But on my most recent trip, I took a moment to limit my gaze to the foreground – to see what was right in front of me. Many visitors, it seems, treat the Tower like it’s an inverted wishing well. Littering the exterior window sills are several dollars worth of pennies, several more in dimes and nickels – and unknown amounts of foreign currency. One wonders where they all come from – the coins and their former owners.
Some of them I recognize – the Canadian quarters and dimes, each with the queen and accompanying Canadian wildlife. Beavers one ledge. A herd of antlered creatures on the other. A few sailboats to mirror those at sea below. The occasional Euro makes me wish I had visited Europe sooner or that the currency had been rejected. Ledges that would’ve once shone with Lira and Francs now give no clue about who stood at the window. One Europe, one coin, greater and lesser mystery.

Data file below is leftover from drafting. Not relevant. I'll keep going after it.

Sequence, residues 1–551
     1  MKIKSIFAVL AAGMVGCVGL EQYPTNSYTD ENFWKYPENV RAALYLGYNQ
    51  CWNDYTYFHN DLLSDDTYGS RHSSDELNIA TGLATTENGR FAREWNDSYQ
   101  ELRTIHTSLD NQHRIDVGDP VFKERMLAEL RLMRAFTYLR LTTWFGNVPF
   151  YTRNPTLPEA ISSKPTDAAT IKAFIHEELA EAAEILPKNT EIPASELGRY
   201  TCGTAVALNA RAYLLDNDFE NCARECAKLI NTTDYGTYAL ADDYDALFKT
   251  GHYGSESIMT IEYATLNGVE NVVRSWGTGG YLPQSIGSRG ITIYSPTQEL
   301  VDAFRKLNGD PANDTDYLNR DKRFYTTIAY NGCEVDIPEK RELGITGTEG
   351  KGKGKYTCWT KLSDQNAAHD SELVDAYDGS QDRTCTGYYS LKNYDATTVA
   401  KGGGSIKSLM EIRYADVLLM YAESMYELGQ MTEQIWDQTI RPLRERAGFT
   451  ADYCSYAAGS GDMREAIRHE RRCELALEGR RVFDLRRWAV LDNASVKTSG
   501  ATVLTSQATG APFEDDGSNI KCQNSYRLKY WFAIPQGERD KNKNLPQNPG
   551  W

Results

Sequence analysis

Some coins are impossibly exotic – everything you would want found treasure to look like, but fancier. Those coins are the real finds – hidden in plain view, padlocked in the world’s tallest display cases with the world’s best backdrop.
I don’t know where they’ve come from and no answer could be as pleasing as the stories I’ve spun in my head. I assume the coins have been lobbed over the top of the Tower, forced through the gaps in the window, or simply willed there, destined to be part of the landscape until the Tower’s keepers unlock the windows and sweep away the evidence of tourists, dreamers, and those with no reason for leaving their mark other than thinking the penny souvenir machine downstairs shouldn’t cost 50 cents so better their pennies become part of the Tower rather than have the Tower imprinted on their pennies.
I didn’t wish on any change up there. I tossed no dimes, wedged no nickels, lobbed no quarters. But had I wished, I’d have wished for the stories of one window’s worth of copper and zinc – to know how joyful or desperate its wisher had been.
But maybe it’s better not to know they’re probably mostly benign vandalism – dozens of copycats acting on one child’s earnest wishing penny with little motivation other than wondering weather they could bocce ball theirs closer to the edge or clear the structure entirely and kill some other unwary tourist below